Stream of Passion – Embrace the Storm
03/10/2005 § Leave a comment
Label: InsideOut, Sony/BMG
I was never too much of a fan of Arjen Lucassen. Even though he seems to have his finger in more pies than the entire Newcastle United fanbase and he’s worked with the biggest and most important names in the whole of Gothic and metal in Holland, it still took me a while to work out what the big deal was about him since albums like The Final Experiment and The Human Equation did little to float my proverbial vessel. So I was less than enthusiastic about his latest project, least of all because it’s called Stream Of Passion which, let’s face it, sounds a little bit dodgy. Definitely not something you’d want to get caught in, more like something you’d want to end up in a plastic cup.
But things seem to be going very well already for this group. They have managed to sign with Sony in Benelux and have a European tour in the works at the end of this year. Still, Stream Of Passion came out of nowhere for me. A few whispered words on forums and gesture mentions from the odd enthusiast did not do very much to install a huge sense of potential. Nor had I heard anything from Marcela Bovio apart from a short speck on The Human Equation.
However, all of my doubts were allayed within five minutes of hearing Embrace The Storm. This is not an album that gives itself away easily, it doesn’t bash you in its opening moments and foist its power on you straightaway. There’s no arrogance in the opening bars, no conceit. Conversely, it lets you in gently with the soft pounding of drums and Marcela singing dreamily over the top. In fact, initially it’s hard to know what you’ve let yourself in for here. Nevertheless, this is a promising start to the album. There are no choirs, no classical instrumentation. Clearly the intention here is not to be Gothic and not to confirm to any sort of pre-approved standard along the lines of the Within Temptation or Epica intros. One thing that is quite clear early on is the fact that Marcela in an incredible vocalist. She’s one of the best singers I have come across recently and she has a very smooth tone to her voice. There is no uncertainty to her sound and it’s great for the musical reins to be held by such a good vocalist since one doesn’t get worried about the music being spoiled by a momentary lapse of concentration resulting in a bad note.
The second track, Passion, is one of the best on the album, and I was totally blown away by the chorus. Not only for its power, but for how the vocals ride the instrumental tune perfectly – so fluidly over the jutting and buffeting of the power chords and the staccato stopping and starting of the main rhythm section. This is inventive music, but in its most bare and accessible sense.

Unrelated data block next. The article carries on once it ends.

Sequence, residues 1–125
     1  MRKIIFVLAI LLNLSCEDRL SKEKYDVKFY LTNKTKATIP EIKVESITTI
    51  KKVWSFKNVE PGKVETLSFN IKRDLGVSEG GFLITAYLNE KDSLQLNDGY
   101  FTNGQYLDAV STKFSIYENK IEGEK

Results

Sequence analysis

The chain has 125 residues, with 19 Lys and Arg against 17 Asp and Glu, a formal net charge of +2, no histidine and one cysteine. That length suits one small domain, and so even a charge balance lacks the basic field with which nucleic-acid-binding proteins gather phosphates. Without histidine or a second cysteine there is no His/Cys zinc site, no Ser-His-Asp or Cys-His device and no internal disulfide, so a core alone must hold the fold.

The good music doesn’t stop there, either. The rest of the album has that rare ability to hold your attention marvellously – and so it should do since there are some really fantastic numbers here – Open Your Eyes has a beautiful chorus and the way it develops slowly in the five minutes open to it is quite impressive with Marcela controlling the whole number effortlessly and pleasurably. Out In The Real World has a fantastic string riff which is only played twice, thankfully, since anything more would be overkill, and it is an extremely strong number, its only shortcoming being that it’s a little short in time. But by far the best track for me is ironically the shortest – the wonderful Breathing Again, which is probably the softest song on the album, and though it may have the rubber stamp of ‘ballad’ surely imprinted on it, it manages to be totally filling and nourishing, carried beautifully by Marcela’s breathtaking vocals.
However, Embrace The Storm is not a total success since it doesn’t always hit the mark. The music is good, but there are dips in the album where some of the songs don’t quite hold the strength of the others. This is not to say that the poorer songs are obscure numbers which you may come back to in a few listens and realise you really like after all, it’s more that they’re a little flat. Strangely enough, it’s hard to know whether this is because they are dull in their own right or because some of the other numbers are of such a high quality that it puts them to shame. It seems one way that this could have been remedied would be if this album were a mix of accessible numbers and more progressive tracks since this would give a perfect mix, making it impossible to overlook any of the songs.
And I’m sure that Arjen has the ability to do it – I get a great sense of promise from this band. Though this is not strictly a debut album since all the other musicians are experienced, it’s a damn good project. I sincerely hope that Arjen concentrates on this and Marcela has the ability to juggle Stream Of Passion and Elfonia to both bands’ credit. Stream Of Passion has the ability to be a huge name in female-fronted metal and since there is no Gothic tag here, they would sell on the merit of their sound and talent alone, which they more than deserve to do.